Sally was beaten by her father earlier in the book and left Esperanza alone at the fair when a big boy came and took Sally. While she was waiting for Sally a guy grabbed Esperanza's arm and said that he loved her and kissed her so, Esperanza isn't friends with Sally anymore. Here Esperanza tells the reader that Sally, her old friend, got married. Sally claims she is in love and that she likes being married. She says “She is happy, except sometimes her husband gets angry… though most days he is okay.
She did things for her. This statement relates to my thesis because my thesis states, When life gives you a time to shine, don’t give it away, you may need it someday. Scout never gave up a chance that was offered to
This excerpt from Maxine Clair’s “Cherry Bomb” is a prime representation of an adult character reminiscing in memories of youth and innocence. Through the description of her “box of private things” and the cherry bomb incident, she uses appropriate diction, figurative language, and imagery while reflecting on past summers where time wasn’t consumed by school, capturing the pure moments of childhood. To begin with, the persona’s younger self picks up the “lofty” saying ‘I am in this world, but not of it’ without a clear understanding of what the message truly entails. She chooses it based on the fact that it seems to sound important. This reflection of her past shows a sense of immaturity, and is supported by other various examples of forward diction that tie back into her young personality at the time.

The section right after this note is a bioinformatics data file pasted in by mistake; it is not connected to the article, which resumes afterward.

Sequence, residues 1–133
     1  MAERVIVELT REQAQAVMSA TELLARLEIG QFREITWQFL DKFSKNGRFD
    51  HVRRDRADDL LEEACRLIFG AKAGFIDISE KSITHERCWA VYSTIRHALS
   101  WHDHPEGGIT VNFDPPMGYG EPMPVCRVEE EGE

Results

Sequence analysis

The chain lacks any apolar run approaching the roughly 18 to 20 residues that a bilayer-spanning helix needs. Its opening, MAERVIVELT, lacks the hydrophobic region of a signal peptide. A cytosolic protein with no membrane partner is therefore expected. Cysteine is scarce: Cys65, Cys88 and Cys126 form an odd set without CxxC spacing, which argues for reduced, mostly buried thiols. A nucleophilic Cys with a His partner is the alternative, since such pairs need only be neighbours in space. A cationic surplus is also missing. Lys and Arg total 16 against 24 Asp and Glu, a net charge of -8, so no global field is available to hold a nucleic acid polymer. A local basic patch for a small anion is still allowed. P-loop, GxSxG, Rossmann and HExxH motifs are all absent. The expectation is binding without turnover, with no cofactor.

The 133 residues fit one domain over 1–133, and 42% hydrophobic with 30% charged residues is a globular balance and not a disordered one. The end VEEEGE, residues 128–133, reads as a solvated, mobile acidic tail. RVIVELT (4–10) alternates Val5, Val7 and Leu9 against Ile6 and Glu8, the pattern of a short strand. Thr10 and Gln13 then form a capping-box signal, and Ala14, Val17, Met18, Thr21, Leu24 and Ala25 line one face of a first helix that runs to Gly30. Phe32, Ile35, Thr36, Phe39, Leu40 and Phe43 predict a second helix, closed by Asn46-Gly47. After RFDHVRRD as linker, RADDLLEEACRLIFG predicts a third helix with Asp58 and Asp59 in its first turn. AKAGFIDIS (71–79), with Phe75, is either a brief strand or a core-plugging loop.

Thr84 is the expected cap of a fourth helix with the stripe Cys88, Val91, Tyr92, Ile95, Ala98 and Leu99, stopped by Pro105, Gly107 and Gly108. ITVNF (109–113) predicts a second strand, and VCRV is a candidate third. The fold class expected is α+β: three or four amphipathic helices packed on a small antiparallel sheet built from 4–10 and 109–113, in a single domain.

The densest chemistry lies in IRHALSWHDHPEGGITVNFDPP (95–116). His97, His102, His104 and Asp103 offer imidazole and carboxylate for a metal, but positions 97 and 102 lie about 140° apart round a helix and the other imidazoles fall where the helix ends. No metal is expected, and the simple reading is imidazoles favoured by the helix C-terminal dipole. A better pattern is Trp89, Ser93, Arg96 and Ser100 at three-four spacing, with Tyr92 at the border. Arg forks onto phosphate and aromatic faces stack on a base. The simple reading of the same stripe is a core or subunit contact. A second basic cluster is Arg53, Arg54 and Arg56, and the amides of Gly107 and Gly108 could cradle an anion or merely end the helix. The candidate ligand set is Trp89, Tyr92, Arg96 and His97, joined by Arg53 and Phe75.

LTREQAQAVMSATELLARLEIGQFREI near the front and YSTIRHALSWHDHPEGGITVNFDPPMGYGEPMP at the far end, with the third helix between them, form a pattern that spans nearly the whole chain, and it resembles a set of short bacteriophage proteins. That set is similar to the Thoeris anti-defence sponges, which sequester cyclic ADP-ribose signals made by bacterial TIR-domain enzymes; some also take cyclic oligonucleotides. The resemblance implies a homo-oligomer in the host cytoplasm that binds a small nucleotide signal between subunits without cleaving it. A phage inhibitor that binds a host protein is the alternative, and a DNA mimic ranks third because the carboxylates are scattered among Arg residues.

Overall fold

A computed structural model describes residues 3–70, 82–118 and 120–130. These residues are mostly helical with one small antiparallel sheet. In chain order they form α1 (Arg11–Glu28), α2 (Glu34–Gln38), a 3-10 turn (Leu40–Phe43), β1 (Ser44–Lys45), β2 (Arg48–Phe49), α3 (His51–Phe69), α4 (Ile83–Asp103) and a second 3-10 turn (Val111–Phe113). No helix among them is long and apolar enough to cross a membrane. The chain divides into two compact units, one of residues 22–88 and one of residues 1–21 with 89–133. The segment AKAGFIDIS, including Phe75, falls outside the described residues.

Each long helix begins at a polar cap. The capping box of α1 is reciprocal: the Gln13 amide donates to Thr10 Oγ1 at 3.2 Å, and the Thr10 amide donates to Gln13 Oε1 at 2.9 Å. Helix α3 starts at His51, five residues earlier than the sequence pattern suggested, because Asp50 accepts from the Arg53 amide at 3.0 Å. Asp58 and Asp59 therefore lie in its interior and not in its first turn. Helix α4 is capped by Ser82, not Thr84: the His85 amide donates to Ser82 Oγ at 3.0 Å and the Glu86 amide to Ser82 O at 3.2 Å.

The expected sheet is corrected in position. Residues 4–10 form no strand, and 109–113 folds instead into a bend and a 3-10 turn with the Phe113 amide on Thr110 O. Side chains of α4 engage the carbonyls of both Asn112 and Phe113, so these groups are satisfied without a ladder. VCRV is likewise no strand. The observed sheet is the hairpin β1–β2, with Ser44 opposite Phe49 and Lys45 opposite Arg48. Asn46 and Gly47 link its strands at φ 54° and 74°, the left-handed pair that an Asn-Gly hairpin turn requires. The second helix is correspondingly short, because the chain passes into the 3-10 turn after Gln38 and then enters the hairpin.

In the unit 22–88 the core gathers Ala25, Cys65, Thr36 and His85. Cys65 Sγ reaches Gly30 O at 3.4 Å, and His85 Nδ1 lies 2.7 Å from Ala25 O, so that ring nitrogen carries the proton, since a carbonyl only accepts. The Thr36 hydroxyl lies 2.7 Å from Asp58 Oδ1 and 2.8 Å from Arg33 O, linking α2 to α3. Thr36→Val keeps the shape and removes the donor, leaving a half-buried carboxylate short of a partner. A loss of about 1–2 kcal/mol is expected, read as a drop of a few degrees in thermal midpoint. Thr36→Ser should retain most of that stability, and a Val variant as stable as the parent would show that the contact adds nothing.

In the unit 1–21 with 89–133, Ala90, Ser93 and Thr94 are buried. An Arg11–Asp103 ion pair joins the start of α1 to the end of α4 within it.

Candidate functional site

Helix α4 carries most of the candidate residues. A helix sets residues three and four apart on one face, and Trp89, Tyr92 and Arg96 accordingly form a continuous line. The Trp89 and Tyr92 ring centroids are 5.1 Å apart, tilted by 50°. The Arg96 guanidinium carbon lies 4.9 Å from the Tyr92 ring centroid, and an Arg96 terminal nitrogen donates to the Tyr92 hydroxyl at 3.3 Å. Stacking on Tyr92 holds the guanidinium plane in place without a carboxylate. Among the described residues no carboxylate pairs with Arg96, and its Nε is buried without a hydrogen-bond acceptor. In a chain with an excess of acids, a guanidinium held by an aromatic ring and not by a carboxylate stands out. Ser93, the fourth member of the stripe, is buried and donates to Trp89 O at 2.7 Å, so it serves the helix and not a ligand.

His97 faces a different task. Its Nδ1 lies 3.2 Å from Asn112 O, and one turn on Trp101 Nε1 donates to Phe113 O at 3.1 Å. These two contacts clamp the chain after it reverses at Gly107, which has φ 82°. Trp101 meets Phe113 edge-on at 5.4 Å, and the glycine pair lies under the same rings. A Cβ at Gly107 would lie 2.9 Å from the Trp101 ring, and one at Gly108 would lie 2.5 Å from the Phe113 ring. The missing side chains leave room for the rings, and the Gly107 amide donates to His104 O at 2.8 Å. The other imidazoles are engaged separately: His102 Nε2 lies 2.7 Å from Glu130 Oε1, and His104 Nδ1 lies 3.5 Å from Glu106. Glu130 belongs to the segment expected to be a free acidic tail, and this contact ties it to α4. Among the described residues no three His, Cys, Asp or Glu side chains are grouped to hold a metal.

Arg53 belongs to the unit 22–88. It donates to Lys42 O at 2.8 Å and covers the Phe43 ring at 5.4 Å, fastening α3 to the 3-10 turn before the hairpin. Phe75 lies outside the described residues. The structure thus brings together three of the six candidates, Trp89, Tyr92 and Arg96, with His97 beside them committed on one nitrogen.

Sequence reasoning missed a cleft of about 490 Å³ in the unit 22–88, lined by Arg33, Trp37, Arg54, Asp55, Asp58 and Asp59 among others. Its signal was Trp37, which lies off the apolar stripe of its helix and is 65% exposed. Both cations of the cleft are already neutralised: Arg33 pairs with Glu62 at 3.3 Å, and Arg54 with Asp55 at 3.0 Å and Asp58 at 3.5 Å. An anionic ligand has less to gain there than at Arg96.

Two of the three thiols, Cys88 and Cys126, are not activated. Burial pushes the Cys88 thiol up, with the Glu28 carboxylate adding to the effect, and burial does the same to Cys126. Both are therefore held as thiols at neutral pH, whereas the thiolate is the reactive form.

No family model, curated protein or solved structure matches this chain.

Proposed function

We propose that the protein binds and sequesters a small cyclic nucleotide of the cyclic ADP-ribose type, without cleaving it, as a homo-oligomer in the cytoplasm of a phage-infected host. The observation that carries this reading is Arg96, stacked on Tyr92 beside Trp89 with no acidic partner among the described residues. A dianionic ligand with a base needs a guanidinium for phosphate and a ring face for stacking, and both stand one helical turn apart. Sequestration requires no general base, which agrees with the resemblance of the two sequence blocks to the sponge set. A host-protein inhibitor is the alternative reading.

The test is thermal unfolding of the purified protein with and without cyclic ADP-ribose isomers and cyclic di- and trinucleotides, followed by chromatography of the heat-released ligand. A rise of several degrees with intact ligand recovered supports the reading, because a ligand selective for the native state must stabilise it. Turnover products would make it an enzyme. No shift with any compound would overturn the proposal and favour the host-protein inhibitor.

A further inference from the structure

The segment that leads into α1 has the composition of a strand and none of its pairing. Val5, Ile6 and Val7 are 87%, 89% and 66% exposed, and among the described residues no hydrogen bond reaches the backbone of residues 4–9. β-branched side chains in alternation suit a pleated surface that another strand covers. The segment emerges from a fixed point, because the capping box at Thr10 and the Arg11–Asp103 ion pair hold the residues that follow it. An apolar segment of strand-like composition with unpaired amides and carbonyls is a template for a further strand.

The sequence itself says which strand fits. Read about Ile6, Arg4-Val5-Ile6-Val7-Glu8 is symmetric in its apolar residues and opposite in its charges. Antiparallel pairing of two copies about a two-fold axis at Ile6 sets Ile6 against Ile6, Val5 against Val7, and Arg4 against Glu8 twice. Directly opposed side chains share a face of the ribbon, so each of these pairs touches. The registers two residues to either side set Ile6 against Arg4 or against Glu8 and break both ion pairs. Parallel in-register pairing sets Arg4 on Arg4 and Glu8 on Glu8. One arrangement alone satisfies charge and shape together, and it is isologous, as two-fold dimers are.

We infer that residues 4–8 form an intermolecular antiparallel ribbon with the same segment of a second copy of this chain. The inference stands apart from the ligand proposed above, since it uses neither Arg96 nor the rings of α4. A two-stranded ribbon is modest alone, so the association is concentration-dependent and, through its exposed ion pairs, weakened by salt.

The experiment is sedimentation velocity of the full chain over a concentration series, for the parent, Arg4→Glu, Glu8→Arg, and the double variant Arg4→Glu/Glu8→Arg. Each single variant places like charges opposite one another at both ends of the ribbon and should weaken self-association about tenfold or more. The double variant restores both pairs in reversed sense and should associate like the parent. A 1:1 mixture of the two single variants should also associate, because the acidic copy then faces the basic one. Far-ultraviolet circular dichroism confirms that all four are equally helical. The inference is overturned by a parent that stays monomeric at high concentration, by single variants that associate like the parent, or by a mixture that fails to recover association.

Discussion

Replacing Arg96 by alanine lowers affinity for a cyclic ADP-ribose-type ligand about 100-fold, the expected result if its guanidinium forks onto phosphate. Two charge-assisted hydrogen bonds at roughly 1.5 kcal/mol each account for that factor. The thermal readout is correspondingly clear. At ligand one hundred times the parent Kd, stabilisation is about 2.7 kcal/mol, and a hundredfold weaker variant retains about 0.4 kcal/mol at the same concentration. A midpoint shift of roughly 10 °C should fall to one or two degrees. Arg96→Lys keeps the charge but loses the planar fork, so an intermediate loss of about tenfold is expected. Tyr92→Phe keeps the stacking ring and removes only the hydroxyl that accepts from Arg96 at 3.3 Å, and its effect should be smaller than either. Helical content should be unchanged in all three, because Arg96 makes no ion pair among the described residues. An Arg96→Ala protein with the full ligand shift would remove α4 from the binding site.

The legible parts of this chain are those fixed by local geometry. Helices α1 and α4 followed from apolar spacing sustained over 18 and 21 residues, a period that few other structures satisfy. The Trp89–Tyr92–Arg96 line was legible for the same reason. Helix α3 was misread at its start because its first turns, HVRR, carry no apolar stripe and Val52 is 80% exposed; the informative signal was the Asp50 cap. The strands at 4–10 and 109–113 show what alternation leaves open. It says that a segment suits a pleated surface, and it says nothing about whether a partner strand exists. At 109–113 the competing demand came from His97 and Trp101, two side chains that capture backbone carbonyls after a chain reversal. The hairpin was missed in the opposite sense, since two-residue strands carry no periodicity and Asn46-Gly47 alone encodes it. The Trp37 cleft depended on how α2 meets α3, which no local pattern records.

Atticus is judged by a few in the community, but he is a great father. In To Kill a Mocking Bird, Atticus Finch is criticized by many people in the community about how he raises his children. Two characters in the novel that portray this action are Aunt Alexandra and Uncle Jack. Aunt Alexandra does not accept the way he raises Scout and how he lets her go around dressed like a boy. Uncle Jack just disagrees with Atticus' whole view on disciplining his kids.
Initially, Ha recites, “No one can sweep, for why sweep away hope? No one can splash water, for why splash away joy?” (1). Ha knows this Buddhist saying, revealing she practices Buddhism. Ha states, “Bumps enlarge on my chilled skin as I realize we will be coming back every Sunday” (172), following her arrival in America. This means Ha’s faith has been changed for the sake of blending in with the American Christians around her and not because her beliefs have changed.
The diction choices progress into detail throughout the scene, allowing for strong examples of imagery with familiar scenes. “Autumn again, and Boo’s children need him,” (374). For the duration of the passage, Scout defines the children as “his.” By the end, “his” children have become “Boo’s” children. Lee intended the reader to capture Boo’s mindset through her chosen diction. He had become their neighbor, their friend.